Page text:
A business owner in British Columbia who is planning a trip to the United States to market a company’s products must ensure the appropriate documentation is in place for any commercial samples he or she will take across the border. Business travellers might find that the complexities of the U.S. immigration laws increase the complexity of such a business trip. Several options exist to facilitate the transportation of commercial samples across the border into the United States.
The suitable choice will likely depend on whether the business traveller plans to sell the samples as merchandise in the United States or to bring them back when returning to British Columbia. If the applicable import duty and taxes are paid upon crossing the border, the business owner will be free to move about the United States and to either sell the samples or export them into Canada again upon his or her return. Exporting the merchandise may allow a refund of duties if they are in the same condition as when they were imported.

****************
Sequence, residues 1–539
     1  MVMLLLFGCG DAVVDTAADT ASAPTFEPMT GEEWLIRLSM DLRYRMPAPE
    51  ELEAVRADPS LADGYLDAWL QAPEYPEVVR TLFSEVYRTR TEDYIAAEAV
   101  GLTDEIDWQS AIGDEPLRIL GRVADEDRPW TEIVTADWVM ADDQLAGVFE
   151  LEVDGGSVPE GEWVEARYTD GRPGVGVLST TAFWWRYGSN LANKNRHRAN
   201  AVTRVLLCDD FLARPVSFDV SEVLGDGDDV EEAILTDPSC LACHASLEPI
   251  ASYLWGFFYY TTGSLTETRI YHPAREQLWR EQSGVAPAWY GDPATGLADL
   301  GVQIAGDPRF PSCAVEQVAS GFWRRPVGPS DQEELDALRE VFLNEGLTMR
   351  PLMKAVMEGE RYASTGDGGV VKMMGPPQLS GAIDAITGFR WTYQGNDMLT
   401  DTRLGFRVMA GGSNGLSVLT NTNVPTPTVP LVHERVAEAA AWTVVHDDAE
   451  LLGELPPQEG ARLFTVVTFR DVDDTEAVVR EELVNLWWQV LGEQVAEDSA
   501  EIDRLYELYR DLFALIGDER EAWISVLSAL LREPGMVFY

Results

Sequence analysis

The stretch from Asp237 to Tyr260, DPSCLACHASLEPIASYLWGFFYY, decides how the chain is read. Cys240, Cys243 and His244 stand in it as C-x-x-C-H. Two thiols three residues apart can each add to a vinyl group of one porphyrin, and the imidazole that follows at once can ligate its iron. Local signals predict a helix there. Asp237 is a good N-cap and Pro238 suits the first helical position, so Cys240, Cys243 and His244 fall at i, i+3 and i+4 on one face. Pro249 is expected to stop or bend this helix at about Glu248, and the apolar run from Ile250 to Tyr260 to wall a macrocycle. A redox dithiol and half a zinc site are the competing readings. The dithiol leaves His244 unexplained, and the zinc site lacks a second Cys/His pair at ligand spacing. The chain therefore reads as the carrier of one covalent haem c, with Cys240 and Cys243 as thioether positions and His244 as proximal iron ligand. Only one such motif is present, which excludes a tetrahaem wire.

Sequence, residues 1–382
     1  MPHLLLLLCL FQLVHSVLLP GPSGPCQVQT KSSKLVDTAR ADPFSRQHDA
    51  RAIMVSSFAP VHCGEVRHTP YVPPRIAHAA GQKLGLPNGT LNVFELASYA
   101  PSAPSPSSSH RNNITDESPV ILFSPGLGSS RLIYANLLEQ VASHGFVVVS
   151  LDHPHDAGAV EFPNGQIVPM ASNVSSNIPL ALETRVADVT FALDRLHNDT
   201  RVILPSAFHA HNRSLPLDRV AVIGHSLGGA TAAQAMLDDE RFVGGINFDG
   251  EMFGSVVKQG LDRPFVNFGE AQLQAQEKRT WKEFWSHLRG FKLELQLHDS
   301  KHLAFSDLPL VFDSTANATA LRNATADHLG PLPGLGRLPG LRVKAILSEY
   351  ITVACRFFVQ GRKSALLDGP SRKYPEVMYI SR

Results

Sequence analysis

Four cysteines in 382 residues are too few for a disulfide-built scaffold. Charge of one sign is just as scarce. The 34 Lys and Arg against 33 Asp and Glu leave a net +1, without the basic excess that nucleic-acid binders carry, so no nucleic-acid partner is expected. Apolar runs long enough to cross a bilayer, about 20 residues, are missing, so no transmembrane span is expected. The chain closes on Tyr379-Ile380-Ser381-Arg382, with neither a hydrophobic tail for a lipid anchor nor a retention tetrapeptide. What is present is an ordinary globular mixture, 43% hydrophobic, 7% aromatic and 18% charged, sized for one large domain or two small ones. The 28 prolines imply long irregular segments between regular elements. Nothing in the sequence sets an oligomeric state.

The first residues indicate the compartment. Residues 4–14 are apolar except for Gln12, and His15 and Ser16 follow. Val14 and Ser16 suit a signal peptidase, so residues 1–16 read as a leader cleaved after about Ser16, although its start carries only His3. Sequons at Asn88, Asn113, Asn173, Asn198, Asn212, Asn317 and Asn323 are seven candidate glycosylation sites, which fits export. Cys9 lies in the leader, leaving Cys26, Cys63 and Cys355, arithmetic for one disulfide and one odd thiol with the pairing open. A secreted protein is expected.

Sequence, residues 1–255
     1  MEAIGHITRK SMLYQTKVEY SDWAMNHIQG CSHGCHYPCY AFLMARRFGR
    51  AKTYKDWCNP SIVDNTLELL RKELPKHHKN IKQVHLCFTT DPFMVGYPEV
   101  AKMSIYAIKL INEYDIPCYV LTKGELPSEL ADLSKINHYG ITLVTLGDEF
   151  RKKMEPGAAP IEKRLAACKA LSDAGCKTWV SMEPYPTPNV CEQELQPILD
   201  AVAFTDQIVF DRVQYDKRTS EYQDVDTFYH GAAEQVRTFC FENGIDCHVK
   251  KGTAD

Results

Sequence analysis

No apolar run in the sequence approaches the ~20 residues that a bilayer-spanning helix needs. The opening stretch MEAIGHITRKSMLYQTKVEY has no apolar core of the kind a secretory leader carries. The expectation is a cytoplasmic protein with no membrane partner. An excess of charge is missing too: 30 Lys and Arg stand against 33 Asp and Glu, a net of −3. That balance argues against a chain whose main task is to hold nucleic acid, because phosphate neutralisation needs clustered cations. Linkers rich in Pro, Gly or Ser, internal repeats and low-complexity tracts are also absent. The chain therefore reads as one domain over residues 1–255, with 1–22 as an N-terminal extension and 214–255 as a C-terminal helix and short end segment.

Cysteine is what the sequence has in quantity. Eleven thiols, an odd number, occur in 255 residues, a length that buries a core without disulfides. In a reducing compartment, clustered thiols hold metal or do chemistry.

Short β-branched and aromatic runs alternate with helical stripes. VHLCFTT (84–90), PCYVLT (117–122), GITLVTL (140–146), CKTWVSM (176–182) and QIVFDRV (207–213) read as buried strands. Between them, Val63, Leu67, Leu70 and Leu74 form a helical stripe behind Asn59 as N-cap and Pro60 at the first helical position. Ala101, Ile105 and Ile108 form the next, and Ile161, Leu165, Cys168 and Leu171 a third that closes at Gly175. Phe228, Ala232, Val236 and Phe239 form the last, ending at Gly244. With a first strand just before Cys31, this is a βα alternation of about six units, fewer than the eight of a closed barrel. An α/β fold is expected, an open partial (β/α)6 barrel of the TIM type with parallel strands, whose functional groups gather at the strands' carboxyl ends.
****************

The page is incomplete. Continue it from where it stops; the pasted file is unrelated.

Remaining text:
If the commercial samples are only used to show prospective customers for the purpose of securing orders, the importer may bring the samples into the United States without paying duty under the Temporary Importation Under Bond (TIB) method. However, this is subject to conditions that prevent the samples from being sold, and the exportation of them within one year after importation. Exceptions exist that allow for the extension of the bond to three years.
There is also an option for samples to be carried back and forth across the border on an unlimited number of trips. This is the ATA Carnet, which is a guarantee for duty payments that are waived upon the importation of commercial samples, but duties will be due in the samples are not exported later. Choosing the best option might be challenging, but the support and guidance of a British Columbia law firm that deals with U.S. immigration laws every day might ease the process.